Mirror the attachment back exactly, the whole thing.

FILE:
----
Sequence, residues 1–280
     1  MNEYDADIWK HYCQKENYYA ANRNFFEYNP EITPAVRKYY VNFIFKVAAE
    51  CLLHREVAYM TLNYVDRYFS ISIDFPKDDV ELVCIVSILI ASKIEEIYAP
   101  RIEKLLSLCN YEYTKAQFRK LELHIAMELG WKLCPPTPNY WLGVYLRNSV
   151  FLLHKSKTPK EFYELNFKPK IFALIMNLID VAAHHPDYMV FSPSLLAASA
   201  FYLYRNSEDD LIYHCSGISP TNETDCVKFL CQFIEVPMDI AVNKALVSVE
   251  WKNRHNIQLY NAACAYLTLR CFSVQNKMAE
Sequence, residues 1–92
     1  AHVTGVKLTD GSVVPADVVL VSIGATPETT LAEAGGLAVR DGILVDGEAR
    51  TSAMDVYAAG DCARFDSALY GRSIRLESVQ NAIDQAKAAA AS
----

Sequence, residues 1–280
     1  MNEYDADIWK HYCQKENYYA ANRNFFEYNP EITPAVRKYY VNFIFKVAAE
    51  CLLHREVAYM TLNYVDRYFS ISIDFPKDDV ELVCIVSILI ASKIEEIYAP
   101  RIEKLLSLCN YEYTKAQFRK LELHIAMELG WKLCPPTPNY WLGVYLRNSV
   151  FLLHKSKTPK EFYELNFKPK IFALIMNLID VAAHHPDYMV FSPSLLAASA
   201  FYLYRNSEDD LIYHCSGISP TNETDCVKFL CQFIEVPMDI AVNKALVSVE
   251  WKNRHNIQLY NAACAYLTLR CFSVQNKMAE
Sequence, residues 1–92
     1  AHVTGVKLTD GSVVPADVVL VSIGATPETT LAEAGGLAVR DGILVDGEAR
    51  TSAMDVYAAG DCARFDSALY GRSIRLESVQ NAIDQAKAAA AS